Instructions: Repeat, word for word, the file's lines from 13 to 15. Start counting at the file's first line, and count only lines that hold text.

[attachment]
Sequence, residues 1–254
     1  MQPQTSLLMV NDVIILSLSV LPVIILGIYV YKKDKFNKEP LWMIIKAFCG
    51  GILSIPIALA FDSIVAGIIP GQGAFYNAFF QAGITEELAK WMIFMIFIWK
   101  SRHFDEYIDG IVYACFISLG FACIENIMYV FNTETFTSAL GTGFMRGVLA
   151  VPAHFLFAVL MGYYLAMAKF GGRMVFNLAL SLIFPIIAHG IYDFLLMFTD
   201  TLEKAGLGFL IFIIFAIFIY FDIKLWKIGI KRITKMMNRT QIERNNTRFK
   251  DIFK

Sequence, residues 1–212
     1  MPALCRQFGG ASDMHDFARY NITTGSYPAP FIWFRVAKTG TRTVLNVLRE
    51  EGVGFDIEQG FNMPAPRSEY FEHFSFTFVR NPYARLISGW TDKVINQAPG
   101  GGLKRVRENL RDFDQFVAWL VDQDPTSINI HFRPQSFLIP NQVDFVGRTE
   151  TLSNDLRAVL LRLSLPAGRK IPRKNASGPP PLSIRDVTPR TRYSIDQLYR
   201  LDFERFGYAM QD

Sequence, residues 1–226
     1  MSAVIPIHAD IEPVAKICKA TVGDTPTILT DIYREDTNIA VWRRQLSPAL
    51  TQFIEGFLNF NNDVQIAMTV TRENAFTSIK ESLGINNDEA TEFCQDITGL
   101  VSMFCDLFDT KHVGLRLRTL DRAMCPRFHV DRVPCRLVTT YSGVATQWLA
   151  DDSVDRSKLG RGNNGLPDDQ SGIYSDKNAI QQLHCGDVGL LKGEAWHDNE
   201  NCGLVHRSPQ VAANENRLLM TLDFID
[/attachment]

   201  LDFERFGYAM QD

Sequence, residues 1–226
     1  MSAVIPIHAD IEPVAKICKA TVGDTPTILT DIYREDTNIA VWRRQLSPAL